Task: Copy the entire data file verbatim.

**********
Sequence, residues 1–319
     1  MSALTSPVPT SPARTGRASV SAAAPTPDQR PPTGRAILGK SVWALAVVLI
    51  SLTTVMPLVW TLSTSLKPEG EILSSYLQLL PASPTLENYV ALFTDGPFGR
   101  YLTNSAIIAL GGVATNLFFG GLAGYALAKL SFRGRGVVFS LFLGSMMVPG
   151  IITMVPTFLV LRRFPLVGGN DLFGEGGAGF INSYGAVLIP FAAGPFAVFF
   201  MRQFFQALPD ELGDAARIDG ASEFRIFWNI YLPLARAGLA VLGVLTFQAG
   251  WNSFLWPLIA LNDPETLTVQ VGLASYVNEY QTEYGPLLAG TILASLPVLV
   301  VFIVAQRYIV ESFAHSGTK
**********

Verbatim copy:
Sequence, residues 1–319
     1  MSALTSPVPT SPARTGRASV SAAAPTPDQR PPTGRAILGK SVWALAVVLI
    51  SLTTVMPLVW TLSTSLKPEG EILSSYLQLL PASPTLENYV ALFTDGPFGR
   101  YLTNSAIIAL GGVATNLFFG GLAGYALAKL SFRGRGVVFS LFLGSMMVPG
   151  IITMVPTFLV LRRFPLVGGN DLFGEGGAGF INSYGAVLIP FAAGPFAVFF
   201  MRQFFQALPD ELGDAARIDG ASEFRIFWNI YLPLARAGLA VLGVLTFQAG
   251  WNSFLWPLIA LNDPETLTVQ VGLASYVNEY QTEYGPLLAG TILASLPVLV
   301  VFIVAQRYIV ESFAHSGTK